Sunday, March 18, 2012

About Adrian Faulkner

Adrian Faulkner is a writer of both fiction and non-fiction. He is an active geocacher with over 9000 finds to his name. You can find more by Adrian at and on his Google Plus page.

Could Pokemon Become The Next Big GPS Game?


Could 2016 be the year Pokemon dominates the geolocation game space? If Nintendo have their way, it very well could be.

Nintendo and the Pokemon Company have teamed up with Niantic Inc to announce that they intend to release the first Pokemon Geolocation game next year.  Called Pokemon Go, the game will be available free of charge for Android and iPhone mobile devices, although Nintendo does warn that there will be the dreaded in-app transactions.

The Pokemon franchise began life as a videogame for the Ninetendo Game Boy back in 1996 and has since spawned a number of sequels, comic books and movies.  However the Pokemon Go augmented reality app would be a new departure for the franchise. read more

Five Ideas For Missions For Your Trackables

An assortment of geocaching trackables

An assortment of trackables

Getting a new trackable is always exciting.  First there is the allure of the physical object, art on a keychain or in the shape of a coin.  These are often stunning pieces of work and you can’t help but marvel at the design or craft that has gone into making it a physical object.  But after that initial excitement has disappeared, you’ll find yourself with a second hit, as you consider what to do with it.

It’s possible that you have purchased the trackable with a mission in mind, but if it’s a gift or something you bought for the design then you might finding yourself wondering whether to set it off on a mission or keep in your personal collection.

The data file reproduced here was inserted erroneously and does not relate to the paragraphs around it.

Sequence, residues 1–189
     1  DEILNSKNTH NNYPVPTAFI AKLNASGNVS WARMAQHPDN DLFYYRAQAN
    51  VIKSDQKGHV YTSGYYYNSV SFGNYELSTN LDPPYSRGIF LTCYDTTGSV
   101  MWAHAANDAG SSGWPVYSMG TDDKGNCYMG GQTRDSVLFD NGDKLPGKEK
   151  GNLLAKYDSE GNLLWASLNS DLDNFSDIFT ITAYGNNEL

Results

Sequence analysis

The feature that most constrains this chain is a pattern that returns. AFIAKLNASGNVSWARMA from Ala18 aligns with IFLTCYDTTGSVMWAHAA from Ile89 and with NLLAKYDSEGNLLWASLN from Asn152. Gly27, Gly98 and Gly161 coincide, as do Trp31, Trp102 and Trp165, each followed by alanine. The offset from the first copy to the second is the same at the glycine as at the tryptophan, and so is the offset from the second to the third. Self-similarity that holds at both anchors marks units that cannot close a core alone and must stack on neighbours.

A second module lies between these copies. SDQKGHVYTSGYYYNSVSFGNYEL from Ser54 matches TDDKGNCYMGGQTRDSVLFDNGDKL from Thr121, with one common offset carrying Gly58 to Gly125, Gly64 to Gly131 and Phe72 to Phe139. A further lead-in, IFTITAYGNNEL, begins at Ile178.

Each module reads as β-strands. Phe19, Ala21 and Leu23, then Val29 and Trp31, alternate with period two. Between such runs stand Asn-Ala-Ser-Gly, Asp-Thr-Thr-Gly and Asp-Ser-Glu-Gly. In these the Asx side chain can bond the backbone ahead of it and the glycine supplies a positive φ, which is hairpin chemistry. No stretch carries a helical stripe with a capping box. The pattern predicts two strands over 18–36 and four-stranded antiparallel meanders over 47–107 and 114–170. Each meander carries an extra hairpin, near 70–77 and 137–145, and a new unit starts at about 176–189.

Whilst some designs are so good that you may ultimately decide that this trackable will only be discoverable at events you take it too, there is the thrill of sending a trackable out into the world and seeing how far it will travel.  Will it be muggled two miles down the road from where you placed it in a cache, or will it circumvent the globe multiple times?

But if you do decide to let it go, what do you make its mission?  Make it too restrictive and it’ll never move.  With that in mind, here are five ideas of missions for your trackables that will keep them moving and hopefully bring you some enjoyable logs.

read more

Five Cache Types To Do Before They’re Gone


When you first started Geocaching you were probably unaware of all the different cache types.  You thought that geocaching was as simple as turning up to a set of co-ordinates and finding the container hidden there.  As you progressed you probably became vaguely aware of multi-caches and puzzle caches.  Your first multi had you going to a number of locations gathering clues in order to derive the cache’s final co-ordinates.  Your first puzzle cache had you sat at your computer scratching your head as you tried to work out some cryptic puzzle, designed to test your mental abilities, before delivering you the location of the actual container.